# Taylor expansion for $\arcsin^2{x}$

I stumbled upon this particular expansion that was included in this post.

$$\displaystyle \arcsin^{2}(x) = \frac{1}{2} \sum_{n=1}^{\infty} \frac{1}{n^{2} \binom{2n}{n}} (2x)^{2n}$$

This caught my eye because I remember trying to derive a Taylor series for $\arcsin^{2}(x)$ a while ago without much success.

Can anyone prove this or point me to a material that would show a proof of this identity?

EDIT :

Feel free to use any mathematical apparatus at hand. I'm not interested in a proof fit for a certain level, nor am I looking for utmost elegance (though that would be lovely).

• See Z. R. Melzak. Companion to Concrete Mathematics. Wiley–Interscience, New York, 1973 page 108 Sep 23, 2015 at 23:37
• Sorry, my bad for not mentioning I'm looking for some material that can readily be accessed online. Sep 23, 2015 at 23:46
• You can find a derivation of the Taylor series of $\frac{\arcsin(x)}{\sqrt{1-x^2}}$ this answer. Notice that $\frac{d\arcsin^2(x)}{dx} = \frac{2\arcsin(x)}{\sqrt{1-x^2}}$ so a simple integration gives your series. Sep 23, 2015 at 23:57
• Thank you so much for the point, Now it seems plain obvious, to be honest... I'll work it out this way. However, I'm going to leave the question open in case someone thinks of a different method as well as it may be of use to others in the future. Sep 24, 2015 at 0:02

You can find a derivation for the Taylor series of $\frac{\arcsin(x)}{\sqrt{1-x^2}}$ in this nice answer. Since $$\frac{d\arcsin^2(x)}{dx} = \frac{2\arcsin(x)}{\sqrt{1-x^2}}$$

the Taylor series for $\arcsin^2(x)$ follows by integration.

There exists a general conclusion:

For $$k\in\mathbb{N}$$ and $$|x|<1$$, the function $$\bigl(\frac{\arcsin x}{x}\bigr)^{k}$$, whose value at $$x=0$$ is defined to be $$1$$, has Maclaurin's series expansion $$$$\label{arcsin-series-expansion-unify} \biggl(\frac{\arcsin x}{x}\biggr)^{k} =1+\sum_{m=1}^{\infty} (-1)^m\frac{Q(k,2m)}{\binom{k+2m}{k}}\frac{(2x)^{2m}}{(2m)!},$$$$ where $$$$\label{Q(m-k)-sum-dfn} Q(k,m)=\sum_{\ell=0}^{m} \binom{k+\ell-1}{k-1} s(k+m-1,k+\ell-1)\biggl(\frac{k+m-2}{2}\biggr)^{\ell}$$$$ for $$k\in\mathbb{N}$$ and $$m\ge2$$.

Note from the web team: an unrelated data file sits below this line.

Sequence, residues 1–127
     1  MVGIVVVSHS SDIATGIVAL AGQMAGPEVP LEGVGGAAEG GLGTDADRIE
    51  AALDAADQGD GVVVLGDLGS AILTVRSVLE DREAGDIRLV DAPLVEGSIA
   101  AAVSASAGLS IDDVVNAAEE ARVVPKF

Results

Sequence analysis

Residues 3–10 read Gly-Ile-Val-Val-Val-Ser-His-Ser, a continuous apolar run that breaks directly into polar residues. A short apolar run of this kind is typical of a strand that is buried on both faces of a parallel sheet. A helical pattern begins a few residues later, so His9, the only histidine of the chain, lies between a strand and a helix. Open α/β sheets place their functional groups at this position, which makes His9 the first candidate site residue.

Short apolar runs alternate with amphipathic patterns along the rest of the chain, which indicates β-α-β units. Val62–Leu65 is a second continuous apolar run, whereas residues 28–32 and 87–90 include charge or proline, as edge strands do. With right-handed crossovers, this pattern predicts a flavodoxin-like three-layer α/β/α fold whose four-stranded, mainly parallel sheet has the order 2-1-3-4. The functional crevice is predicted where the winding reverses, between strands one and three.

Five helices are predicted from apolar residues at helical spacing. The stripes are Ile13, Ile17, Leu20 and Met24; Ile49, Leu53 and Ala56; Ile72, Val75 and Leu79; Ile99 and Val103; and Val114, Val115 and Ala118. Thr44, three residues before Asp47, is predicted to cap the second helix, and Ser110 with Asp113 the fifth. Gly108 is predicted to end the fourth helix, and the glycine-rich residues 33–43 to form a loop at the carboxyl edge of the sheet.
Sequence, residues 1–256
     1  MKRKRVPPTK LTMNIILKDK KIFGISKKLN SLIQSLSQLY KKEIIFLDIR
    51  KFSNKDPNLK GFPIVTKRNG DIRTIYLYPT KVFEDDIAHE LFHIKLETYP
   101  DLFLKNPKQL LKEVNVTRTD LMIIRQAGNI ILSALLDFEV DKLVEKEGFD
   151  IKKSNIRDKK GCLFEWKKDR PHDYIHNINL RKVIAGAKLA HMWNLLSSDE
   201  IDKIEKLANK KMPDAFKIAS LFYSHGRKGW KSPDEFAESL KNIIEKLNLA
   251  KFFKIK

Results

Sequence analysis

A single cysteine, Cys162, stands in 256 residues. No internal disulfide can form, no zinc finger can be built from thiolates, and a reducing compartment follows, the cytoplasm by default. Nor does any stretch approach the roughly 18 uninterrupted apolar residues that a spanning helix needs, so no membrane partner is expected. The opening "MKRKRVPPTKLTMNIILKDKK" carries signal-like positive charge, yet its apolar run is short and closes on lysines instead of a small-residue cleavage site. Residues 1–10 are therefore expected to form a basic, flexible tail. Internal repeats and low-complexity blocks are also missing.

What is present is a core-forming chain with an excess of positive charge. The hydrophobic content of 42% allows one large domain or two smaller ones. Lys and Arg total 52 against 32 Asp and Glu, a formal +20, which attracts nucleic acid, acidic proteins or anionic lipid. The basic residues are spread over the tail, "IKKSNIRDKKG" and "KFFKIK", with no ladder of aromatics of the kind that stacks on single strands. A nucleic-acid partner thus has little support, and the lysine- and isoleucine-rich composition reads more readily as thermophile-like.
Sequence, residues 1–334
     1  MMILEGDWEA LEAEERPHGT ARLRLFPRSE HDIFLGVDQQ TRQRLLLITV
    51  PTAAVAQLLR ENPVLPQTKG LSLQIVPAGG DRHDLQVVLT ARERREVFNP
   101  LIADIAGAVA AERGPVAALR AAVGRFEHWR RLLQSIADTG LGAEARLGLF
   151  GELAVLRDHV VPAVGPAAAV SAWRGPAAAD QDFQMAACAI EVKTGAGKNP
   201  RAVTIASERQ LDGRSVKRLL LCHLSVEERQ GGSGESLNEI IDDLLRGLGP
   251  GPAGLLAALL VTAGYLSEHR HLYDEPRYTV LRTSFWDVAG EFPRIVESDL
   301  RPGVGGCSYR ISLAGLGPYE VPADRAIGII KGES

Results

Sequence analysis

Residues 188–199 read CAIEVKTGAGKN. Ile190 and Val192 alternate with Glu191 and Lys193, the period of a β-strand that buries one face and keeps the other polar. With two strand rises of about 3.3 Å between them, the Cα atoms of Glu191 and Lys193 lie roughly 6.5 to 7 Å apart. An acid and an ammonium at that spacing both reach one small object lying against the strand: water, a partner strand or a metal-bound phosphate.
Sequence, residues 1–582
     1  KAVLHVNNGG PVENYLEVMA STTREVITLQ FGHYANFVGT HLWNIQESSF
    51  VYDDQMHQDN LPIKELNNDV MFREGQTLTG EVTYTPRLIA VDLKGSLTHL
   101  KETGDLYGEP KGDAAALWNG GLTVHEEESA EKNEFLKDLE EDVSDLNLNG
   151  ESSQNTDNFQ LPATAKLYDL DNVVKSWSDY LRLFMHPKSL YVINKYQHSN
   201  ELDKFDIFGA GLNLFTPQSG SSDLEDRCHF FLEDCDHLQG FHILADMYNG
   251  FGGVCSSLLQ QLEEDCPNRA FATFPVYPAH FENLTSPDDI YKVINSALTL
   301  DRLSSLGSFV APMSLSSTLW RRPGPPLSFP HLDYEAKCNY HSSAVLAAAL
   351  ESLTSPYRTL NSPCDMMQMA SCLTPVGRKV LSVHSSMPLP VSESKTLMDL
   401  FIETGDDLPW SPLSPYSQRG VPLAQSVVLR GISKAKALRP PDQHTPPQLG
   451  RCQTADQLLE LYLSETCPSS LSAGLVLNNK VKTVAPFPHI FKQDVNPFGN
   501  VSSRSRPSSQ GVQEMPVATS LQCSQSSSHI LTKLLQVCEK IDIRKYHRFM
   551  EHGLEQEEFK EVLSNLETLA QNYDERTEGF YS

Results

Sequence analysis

This general result and its special cases such as $$k=1,2,3,4,5$$ have been established, reviewed, and surveyed in the papers [2, 3, 5] below, recovered in the paper [1] below, and generalized in the paper [4] below.

References

1. Feng Qi, Taylor's series expansions for real powers of two functions containing squares of inverse cosine function, closed-form formula for specific partial Bell polynomials, and series representations for real powers of Pi, Demonstratio Mathematica 55 (2022), no. 1, 710--736; available online at https://doi.org/10.1515/dema-2022-0157.
2. Bai-Ni Guo, Dongkyu Lim, and Feng Qi, Maclaurin's series expansions for positive integer powers of inverse (hyperbolic) sine and tangent functions, closed-form formula of specific partial Bell polynomials, and series representation of generalized logsine function, Applicable Analysis and Discrete Mathematics 16 (2022), no. 2, 427--466; available online at https://doi.org/10.2298/AADM210401017G.
3. Bai-Ni Guo, Dongkyu Lim, and Feng Qi, Series expansions of powers of arcsine, closed forms for special values of Bell polynomials, and series representations of generalized logsine functions, AIMS Mathematics 6 (2021), no. 7, 7494--7517; available online at https://doi.org/10.3934/math.2021438.
4. F. Qi, Explicit formulas for partial Bell polynomials, Maclaurin's series expansions of real powers of inverse (hyperbolic) cosine and sine, and series representations of powers of Pi, Research Square (2021), available online at https://doi.org/10.21203/rs.3.rs-959177/v3.
5. https://math.stackexchange.com/a/4657809.

Starting from the well-known power series of $$\arcsin$$, $$$$\newcommand{\where}[1]{\qquad(#1)} \newcommand{\abs}[1]{\lvert#1\rvert} \newcommand{\bigparens}[1]{\bigl(#1\bigr)} \newcommand{\N}{\mathbb{N}} \arcsin(x) = \sum_{n=0}^\infty \binom{2n}{n}\frac{x^{2n+1}}{4^n(2n+1)} =: \sum_{n=0}^\infty a_n x^{2n+1} \where{\abs{x}\le 1},$$$$ implies as a Cauchy product of two power series $$$$\bigparens{\arcsin(x)}^2 = \sum_{n=0}^\infty b_n x^{2n+2} \where{\abs{x}\le 1},$$$$ with $$$$b_n := \sum_{k=0}^n a_ka_{n-k} = 2^{2n+1}\frac{(n!)^2}{(2n+2)!} \where{n\in\N_0},$$$$ as can be shown by induction (or looked up in a table of series, e.g., eq. 1.645 2 in Gradshteyn).